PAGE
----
Small panel vans are being run longer than any other panel van segment and, although they are not being worked as hard as the large panel vans in terms of annual mileage, the differential is closing.
Tim Spencer, senior group auctioneer at Manheim, said: “The record levels of demand for car-derived vans reflects their lower average value.
“Dealers prefer to stock these popular fast turn models so that cash flow can be spread over two or three vans rather than one late and low large van.
“I am sadly seeing more and more damaged and high mileage 3.5t panel vans in the halls, while there is a two tier market in terms of condition and increasingly by van segment too.
“The trade is certainly hesitant to stock damaged vans, especially with the retail market remaining flat.
“Anything that is clean with good spec is making fortunes. Many dealers are struggling to reconcile how values have increased when they come to replace stock bought only a few weeks previously.”
James Davis, head of commercial vehicles at Manheim, added: “I believe the next quarter will see price stability, however headline figures across the industry will contradict this as pockets of desirable product drive prices up.
“The devil really is in the detail. With dealers facing restricted supply, they will have to broaden their horizons in terms of sourcing replacement stock and they’ll also need to travel further in order to find the right vans.
“When it comes to stock profile, they may have to consider changing their traditional buying habits.
“They’ll also need to hone in on their own retail activity and invest in multi-sales channels, specifically online classifieds, to ensure that their vans are in front of the widest possible audience.”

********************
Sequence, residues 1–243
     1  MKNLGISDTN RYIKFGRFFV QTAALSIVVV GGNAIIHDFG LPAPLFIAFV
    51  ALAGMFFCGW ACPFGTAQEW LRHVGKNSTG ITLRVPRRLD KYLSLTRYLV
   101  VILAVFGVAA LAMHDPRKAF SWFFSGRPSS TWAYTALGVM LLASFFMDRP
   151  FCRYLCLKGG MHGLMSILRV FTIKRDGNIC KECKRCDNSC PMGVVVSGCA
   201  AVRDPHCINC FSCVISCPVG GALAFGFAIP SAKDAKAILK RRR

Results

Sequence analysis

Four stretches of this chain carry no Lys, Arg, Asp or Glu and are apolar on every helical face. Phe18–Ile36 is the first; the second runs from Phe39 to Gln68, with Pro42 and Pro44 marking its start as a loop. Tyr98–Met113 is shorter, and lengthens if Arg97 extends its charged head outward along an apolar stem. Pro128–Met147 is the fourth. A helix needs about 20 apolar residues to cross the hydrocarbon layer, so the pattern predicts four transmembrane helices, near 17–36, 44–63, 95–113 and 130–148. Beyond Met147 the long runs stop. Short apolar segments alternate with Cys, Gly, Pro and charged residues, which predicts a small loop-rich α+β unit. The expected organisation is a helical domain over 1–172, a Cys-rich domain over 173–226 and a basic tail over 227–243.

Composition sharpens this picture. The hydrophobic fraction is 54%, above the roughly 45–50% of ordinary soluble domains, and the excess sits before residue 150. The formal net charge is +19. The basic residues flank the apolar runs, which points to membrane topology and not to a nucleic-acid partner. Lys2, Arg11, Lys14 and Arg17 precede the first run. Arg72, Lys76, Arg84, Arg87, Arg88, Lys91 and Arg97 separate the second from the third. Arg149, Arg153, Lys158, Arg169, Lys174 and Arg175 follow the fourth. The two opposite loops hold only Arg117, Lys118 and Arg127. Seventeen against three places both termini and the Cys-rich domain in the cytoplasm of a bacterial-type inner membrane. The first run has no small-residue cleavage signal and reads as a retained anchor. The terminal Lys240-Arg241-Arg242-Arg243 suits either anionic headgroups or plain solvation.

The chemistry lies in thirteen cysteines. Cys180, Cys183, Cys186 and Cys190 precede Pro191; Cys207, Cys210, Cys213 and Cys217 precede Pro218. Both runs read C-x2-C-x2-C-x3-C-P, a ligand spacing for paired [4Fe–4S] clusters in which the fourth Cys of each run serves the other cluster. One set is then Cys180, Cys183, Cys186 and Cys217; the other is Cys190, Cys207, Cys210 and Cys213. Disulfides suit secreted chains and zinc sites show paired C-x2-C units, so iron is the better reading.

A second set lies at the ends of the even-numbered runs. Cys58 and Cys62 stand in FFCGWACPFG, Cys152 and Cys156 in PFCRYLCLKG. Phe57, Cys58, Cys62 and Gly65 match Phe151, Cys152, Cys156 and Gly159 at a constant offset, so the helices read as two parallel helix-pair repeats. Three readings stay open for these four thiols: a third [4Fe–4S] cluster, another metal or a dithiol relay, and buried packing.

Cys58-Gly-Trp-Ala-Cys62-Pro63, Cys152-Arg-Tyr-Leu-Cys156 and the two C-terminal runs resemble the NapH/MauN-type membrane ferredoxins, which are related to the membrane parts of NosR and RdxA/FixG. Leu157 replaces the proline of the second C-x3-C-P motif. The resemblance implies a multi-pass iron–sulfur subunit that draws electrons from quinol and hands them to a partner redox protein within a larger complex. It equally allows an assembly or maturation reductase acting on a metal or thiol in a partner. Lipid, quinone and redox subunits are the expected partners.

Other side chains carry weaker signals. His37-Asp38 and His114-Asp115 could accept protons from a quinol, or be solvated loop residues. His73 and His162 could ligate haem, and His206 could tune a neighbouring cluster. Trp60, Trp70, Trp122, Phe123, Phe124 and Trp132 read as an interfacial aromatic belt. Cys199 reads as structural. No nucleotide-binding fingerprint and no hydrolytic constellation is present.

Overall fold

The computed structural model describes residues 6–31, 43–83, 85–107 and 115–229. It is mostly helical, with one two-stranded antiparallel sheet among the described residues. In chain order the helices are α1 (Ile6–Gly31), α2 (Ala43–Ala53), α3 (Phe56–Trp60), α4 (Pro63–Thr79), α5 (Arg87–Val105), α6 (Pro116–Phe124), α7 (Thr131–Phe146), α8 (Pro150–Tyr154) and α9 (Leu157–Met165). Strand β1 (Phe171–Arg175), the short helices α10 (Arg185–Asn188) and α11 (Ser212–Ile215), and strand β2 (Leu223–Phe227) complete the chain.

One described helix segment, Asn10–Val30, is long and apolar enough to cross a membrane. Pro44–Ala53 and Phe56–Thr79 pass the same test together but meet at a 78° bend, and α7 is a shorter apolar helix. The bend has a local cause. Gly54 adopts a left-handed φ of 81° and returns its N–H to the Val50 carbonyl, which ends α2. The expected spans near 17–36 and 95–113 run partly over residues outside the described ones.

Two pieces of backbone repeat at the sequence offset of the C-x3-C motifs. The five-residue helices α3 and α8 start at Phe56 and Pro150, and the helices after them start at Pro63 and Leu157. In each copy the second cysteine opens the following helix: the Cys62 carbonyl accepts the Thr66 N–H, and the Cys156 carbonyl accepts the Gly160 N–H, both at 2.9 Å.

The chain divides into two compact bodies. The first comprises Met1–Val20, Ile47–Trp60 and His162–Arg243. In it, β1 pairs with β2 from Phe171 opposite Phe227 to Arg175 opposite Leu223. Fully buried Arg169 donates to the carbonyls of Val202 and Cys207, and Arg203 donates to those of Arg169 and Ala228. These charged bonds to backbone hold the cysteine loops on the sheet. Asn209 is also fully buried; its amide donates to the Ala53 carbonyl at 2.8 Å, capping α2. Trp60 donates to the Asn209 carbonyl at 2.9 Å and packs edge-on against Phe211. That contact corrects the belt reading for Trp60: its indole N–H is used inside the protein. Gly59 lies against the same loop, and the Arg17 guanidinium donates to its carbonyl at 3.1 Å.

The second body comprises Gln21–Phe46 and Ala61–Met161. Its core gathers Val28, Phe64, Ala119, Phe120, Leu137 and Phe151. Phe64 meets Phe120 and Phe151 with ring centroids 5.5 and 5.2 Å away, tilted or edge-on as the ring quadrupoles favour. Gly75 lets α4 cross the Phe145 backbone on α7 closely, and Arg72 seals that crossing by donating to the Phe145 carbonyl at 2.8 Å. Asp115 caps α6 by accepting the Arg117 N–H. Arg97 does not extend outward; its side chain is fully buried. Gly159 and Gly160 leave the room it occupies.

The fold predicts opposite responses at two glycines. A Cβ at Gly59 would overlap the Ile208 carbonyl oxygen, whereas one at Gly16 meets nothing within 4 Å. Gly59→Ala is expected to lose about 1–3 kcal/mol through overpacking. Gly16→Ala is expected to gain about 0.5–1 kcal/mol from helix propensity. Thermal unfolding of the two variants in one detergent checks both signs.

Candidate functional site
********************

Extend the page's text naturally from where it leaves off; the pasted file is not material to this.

BCA's Duncan Ward concluded: “LCV values have been universally strong throughout the first quarter of this year and are significantly higher than the same period last year.
“In fact the market has been even more competitive over the past few weeks and well-presented LCV’s are routinely outperforming guide expectations – often by a considerable amount.
"We know from experience that in the majority of previous years values have typically softened over the late spring and summer months.
“However, we saw little sign of that in 2012 as values remained relatively steady until the autumn when they rose quite sharply. So, second-guessing what trends might emerge this year is less straightforward.
“Anecdotal evidence from a number of sources suggests retail used van activity remains slow, yet the wholesale remarketing sector is relatively strong. BCA believe the continued shortage of stock is helping to drive demand and keep prices firm.
“While the wider economic picture remains downbeat, a recent report suggested up to a third of working Britons would be interested in starting up their own business.
“Assuming that even a small percentage achieves that goal, that is a considerable groundswell of self-employed trades people and start-up businesses that may be in the market for a light commercial vehicle.”